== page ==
Granted, there are other possibilities to have more people help you with your ideas.  You can delegate responsibilities to others (though most owners don’t do this real well because you have a tendency to be a little controlling, oh, snowflake that you are).  Yes, delegation is a possibility.

But let me come back to what I said: There is only one you.  And you know it, and for the most part, the really great ideas that are percolating around up there will have to be put into practice by you.

Tomorrow, we’ll cover the reality of having too many ideas, and what to do about it.

How Croghan Colonial Bank is Helping Small Businesses

I talked about this briefly last month, but I wanted to go into more detail here.

Angie Morelock, the Downtown Director for Downtown Fremont, Inc. in Fremont, Ohio, has wanted to bring a group of business owners to my 2 ½ day Destination Business BootCamp for years. She’s applied for grants to help fund the trip, but the grants never materialized.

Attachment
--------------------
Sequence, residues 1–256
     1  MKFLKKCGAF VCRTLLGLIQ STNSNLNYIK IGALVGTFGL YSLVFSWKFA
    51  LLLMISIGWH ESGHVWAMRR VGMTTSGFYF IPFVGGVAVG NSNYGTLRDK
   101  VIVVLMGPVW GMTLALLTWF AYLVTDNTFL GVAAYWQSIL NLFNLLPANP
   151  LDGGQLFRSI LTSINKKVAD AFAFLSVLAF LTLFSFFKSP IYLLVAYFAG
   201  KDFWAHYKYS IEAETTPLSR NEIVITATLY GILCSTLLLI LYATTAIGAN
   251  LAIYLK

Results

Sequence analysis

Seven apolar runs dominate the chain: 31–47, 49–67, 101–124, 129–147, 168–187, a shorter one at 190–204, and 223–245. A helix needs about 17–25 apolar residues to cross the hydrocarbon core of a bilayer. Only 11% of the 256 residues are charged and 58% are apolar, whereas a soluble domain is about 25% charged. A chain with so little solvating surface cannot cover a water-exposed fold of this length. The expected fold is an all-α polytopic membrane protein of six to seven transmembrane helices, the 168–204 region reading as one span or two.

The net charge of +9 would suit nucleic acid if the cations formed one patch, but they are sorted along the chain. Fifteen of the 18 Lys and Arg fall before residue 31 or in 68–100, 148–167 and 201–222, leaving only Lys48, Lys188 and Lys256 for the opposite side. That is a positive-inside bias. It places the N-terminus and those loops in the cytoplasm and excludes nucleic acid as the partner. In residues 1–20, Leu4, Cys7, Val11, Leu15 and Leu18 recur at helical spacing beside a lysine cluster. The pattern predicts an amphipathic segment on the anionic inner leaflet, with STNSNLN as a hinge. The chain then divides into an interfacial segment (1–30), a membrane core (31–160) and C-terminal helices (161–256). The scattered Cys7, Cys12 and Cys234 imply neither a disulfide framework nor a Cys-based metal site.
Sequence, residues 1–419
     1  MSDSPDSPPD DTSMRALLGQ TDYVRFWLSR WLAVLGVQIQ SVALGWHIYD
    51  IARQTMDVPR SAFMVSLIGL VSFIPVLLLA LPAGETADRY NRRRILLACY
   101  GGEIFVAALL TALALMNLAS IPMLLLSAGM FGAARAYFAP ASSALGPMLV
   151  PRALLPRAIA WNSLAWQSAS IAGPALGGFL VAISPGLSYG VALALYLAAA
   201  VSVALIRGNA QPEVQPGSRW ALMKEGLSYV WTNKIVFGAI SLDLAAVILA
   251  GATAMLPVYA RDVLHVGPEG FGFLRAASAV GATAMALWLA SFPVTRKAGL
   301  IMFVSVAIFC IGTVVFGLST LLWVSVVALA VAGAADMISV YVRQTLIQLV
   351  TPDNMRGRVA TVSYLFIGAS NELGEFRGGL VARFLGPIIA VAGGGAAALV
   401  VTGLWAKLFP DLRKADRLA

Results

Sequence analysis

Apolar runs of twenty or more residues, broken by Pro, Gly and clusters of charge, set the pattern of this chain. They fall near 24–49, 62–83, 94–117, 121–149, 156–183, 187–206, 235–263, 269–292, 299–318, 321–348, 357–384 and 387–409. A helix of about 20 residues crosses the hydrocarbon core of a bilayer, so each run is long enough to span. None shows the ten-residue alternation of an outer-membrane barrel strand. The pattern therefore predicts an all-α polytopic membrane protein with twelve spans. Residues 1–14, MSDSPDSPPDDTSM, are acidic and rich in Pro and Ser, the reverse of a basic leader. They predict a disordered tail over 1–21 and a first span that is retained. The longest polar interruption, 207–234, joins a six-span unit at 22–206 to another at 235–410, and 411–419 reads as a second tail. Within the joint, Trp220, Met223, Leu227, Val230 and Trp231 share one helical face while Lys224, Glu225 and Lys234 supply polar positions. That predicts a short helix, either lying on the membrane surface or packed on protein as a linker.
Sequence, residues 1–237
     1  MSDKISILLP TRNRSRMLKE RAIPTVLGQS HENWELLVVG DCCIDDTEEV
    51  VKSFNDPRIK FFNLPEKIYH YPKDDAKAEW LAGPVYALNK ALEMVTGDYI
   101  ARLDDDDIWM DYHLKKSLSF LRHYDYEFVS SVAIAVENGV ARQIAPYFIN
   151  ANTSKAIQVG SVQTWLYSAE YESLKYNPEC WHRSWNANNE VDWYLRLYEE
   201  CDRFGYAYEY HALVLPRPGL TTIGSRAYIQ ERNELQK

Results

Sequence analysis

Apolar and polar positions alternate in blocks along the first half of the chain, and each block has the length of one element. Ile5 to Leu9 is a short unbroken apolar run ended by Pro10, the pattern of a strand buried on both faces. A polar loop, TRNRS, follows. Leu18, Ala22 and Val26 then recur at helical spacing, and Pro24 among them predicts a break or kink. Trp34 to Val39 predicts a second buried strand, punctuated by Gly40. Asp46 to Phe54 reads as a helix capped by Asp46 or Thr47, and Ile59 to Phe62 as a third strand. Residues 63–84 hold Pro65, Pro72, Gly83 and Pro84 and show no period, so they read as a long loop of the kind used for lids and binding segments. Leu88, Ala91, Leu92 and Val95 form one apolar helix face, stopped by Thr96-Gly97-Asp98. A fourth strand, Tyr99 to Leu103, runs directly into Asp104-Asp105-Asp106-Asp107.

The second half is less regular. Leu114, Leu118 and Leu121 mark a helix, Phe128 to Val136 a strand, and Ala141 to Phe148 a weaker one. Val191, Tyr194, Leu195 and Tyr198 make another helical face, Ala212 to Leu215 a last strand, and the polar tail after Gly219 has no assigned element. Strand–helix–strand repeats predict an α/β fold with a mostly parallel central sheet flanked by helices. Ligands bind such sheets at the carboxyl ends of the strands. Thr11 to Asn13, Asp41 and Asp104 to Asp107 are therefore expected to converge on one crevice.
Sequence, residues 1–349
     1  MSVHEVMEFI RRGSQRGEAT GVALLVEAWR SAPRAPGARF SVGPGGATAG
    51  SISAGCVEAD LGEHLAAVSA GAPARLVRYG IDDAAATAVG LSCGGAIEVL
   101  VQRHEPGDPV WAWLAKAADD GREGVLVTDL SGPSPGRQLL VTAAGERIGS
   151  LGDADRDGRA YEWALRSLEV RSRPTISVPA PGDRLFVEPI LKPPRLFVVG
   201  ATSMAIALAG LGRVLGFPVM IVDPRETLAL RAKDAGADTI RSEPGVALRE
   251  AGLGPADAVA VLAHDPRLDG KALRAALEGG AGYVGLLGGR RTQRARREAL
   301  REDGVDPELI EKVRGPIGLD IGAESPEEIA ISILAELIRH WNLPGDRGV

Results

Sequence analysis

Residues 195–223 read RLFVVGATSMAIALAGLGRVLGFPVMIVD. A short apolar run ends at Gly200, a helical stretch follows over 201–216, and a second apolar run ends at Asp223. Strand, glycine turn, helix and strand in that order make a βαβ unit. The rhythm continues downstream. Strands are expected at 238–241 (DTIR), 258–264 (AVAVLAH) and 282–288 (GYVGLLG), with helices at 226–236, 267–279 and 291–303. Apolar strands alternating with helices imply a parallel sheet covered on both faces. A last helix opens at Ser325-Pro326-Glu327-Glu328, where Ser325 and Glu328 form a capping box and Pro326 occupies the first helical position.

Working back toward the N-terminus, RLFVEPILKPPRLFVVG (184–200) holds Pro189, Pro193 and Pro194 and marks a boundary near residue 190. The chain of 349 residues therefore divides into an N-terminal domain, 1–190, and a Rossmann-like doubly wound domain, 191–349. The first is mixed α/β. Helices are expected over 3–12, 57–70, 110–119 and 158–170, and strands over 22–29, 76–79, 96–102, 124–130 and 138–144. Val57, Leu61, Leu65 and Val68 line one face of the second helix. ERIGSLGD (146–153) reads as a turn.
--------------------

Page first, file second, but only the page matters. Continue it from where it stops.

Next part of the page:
But towards the end of last year, Michelle McGovern, the Marketing Director for the Croghan Colonial Bank called me, and we talked about the value of bringing a group of business owners to the BootCamp. Michelle’s bank office is located in downtown Fremont, and she was considering using part of her bank’s marketing funds to sponsor a group of business owners to attend my 2010 Destination BootCamp. I told her about cities that had sent groups of business owners, like Hanford, California (that sent their first group in 2009); Rockwall, Texas (that had sent 2 groups), and Lafayette, Indiana (which has sent 3 groups of businesses over the years). We’ve had groups attend from small cities, like Arkansas City, Kansas; Skowhegan, Maine; and Worland, Wyoming, and from large cities like Seattle, Washington.